Wednesday, March 20, 2013

geek vengeance: disemvoweling, part 2


At Another Meta-post: Moderation-fail, or, being too Minnesotan, Steve said, "As we Jews say, context is everything. I don’t know the details of that conversation you describe, but I can easily–easily imagine situations where an apparently harmless and reasonable comment was, by where and when and circumstances, completely trollful."

Hunting for the conversation I remembered, I found support for my general position at Boing Boing's Overaggressive spam filter. In the comments, schmod said,
Can we also stop disemvoweling people? 
I'd frankly rather see comments disappear entirely than be constantly reminded of the power of our omnipotent moderator overlords (mostly kidding...)
adonai said:
I kind of agree with Schmod, there *seems* to be a bit more disemvowelling lately for posts that aren't necessarily trolls or flamebait...just differing opinions.
a guest said:
Maybe strong opinions are being disemvoweled more, but this is high political season and tempers are way up.
Xeni Jardin answered:
Strong opinions, expressed intelligently and authentically and with the sort of basic courtesy one might use in person, in a crowded room -- they're welcome here. Even strong opinions I or my colleagues might not agree with."
It may be significant that she added "even", as if that wasn't covered by her first sentence, because the implementation of their policy suggests schmod, adonai, and the guest are right.

This is the disemvoweled Tibet comment I remembered, from Tibet and human rights: New Amnesty ads (update: HOAX), by Zosima:
pprntly y mssd t. Lk t my pst #182

t th sm tm, 'm nt wllng t sy tht trtr s vl. dn't thnk th wrld s nrly s blck nd wht. s 'v sd bfr, thnk tht mrl thrtrnsm s ntnbl. ts wht lds s t mk dngrs flhrdy dcsns. ts th jstfctn fr nvsns f pprtnty nd lynch mbs lk.

ls dn't thnk m n ny pstn t sy wht s bst fr Chn. wldn't prtnd t ndrstnd thr systm f gvrnmnt r thr cltr.

Wht d thnk, s tht w nd t drct r ttntn t prblms tht w cn slv, tht w shld fx r ntrnl pltcl prblms, s w hv th mrl thrty t hlp thrs. Th lst thng wnt t d s by nt th sm pltcl mndst tht hs ld t s mny f r prblms n th frst plc.
Running that through the disemvoweler gives:
apparently you missed to like to my past to the some time 'm not willing tosay that torture is value don't think the world is nearly is black and what is 'vesaid before think that moral authoritarianism is untenable its what leeds is tomake dangerous foolhardy decisions its the justification for invasions ofopportunity and lynch mobs like also don't think me in any position to say whatis best for china wouldn't pretend to understand there system of governmentare there culture what do think is that we and to direct are attention toproblems that we can solve that we should fox are internal political problems iswe have the moral authority to help others the last thing want to do is by notthe some political mindset that his old to is many of are problems in the firstplace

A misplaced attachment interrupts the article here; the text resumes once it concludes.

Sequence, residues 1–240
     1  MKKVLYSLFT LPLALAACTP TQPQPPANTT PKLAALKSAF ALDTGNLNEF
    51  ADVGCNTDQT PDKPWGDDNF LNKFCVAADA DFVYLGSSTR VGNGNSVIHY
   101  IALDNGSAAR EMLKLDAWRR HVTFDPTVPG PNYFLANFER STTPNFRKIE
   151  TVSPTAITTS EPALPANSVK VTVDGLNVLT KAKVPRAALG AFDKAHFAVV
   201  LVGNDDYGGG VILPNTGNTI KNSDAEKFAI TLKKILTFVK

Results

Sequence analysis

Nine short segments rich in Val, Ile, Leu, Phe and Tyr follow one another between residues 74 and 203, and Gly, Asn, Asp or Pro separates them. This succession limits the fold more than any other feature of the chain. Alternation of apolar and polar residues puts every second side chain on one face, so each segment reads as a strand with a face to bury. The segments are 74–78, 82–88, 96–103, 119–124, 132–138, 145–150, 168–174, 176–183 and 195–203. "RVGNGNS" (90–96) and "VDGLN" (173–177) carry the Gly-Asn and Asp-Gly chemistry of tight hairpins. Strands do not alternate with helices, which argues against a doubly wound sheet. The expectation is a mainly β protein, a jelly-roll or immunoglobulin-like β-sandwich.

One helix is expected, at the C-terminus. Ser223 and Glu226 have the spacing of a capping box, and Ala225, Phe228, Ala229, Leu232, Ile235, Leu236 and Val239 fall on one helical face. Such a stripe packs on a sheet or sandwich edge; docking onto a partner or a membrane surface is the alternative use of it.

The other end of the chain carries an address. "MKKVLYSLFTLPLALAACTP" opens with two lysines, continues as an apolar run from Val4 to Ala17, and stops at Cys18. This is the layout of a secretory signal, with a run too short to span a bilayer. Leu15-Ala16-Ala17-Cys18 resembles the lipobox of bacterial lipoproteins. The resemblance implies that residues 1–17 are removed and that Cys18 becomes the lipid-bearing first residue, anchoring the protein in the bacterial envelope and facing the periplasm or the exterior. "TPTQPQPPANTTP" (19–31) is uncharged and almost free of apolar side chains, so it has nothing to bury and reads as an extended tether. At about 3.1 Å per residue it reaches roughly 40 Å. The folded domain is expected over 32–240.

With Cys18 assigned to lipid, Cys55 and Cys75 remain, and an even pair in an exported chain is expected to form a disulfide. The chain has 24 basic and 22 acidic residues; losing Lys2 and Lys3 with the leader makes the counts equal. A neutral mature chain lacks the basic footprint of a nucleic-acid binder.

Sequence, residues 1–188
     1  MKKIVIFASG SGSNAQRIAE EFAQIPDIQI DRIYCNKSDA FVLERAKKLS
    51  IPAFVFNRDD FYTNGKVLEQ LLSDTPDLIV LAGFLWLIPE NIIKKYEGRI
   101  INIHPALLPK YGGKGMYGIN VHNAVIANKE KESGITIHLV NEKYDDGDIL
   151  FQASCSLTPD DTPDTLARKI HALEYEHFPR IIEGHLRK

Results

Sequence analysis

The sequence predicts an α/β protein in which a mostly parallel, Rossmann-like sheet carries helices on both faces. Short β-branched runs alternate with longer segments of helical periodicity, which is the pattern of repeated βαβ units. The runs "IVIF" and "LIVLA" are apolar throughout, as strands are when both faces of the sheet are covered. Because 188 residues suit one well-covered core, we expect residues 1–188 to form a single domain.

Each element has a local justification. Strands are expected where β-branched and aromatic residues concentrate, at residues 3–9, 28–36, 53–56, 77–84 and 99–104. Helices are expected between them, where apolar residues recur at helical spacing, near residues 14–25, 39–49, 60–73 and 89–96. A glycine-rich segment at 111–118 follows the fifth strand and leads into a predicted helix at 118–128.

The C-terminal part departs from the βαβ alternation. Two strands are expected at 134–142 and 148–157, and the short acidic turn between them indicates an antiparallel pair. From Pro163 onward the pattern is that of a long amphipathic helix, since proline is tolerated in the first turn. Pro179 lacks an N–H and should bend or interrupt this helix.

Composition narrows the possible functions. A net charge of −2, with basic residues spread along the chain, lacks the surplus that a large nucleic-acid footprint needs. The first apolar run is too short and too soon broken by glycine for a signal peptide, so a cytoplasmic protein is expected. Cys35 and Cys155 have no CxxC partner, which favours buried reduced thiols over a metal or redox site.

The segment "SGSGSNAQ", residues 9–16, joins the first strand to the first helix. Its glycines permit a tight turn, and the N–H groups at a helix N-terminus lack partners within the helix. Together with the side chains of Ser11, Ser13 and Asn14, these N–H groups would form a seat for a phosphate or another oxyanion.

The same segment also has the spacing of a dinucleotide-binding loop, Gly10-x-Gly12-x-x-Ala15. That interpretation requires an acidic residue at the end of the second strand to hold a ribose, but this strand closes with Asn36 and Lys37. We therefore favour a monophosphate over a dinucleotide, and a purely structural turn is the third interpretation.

I would never be able to make sense of that on my own, but fortunately, pieces of it were quoted by another commenter. Inserting the quoted bits in italics, and making my best guess with the rest, it seems like Zosima was saying this, or something very close to it:
Apparently you missed it. Look at my post #182. 
At the same time, I'm not willing to say that torture is evil. I don't think the world is nearly as black and white. As I've said before I think that moral authoritarianism is untenable. It's what leads us to make dangerous foolhardy decisions. It's the justification for invasions of opportunity and lynch mobs alike. 
I also don't think I am in any position to say what is best for China. I wouldn't pretend to understand their system of government or their culture. 
What I do think, is that we need to direct our attention to problems that we can solve, that we should fix our internal political problems, so we have the moral authority to help others. The last thing I want to do is buy into the same political mindset that has led to so many of our problems in the first place.
For saying that, Zosima was, in Xeni's characterization of disemvoweling, treated as a misanthrope and made to look ridiculous.

Zosima's real sin was the one that usually leads to disemvowelment: disagreeing with the person who has the power to disemvowel.

6 comments:

  1. I see no benefit that kittening or disemvoweling could provide that is not better provided by simply replacing comments with 'comment removed by moderators' with, optionally, a brief description of why. Trolling, unproductive, point already made in detail, etc.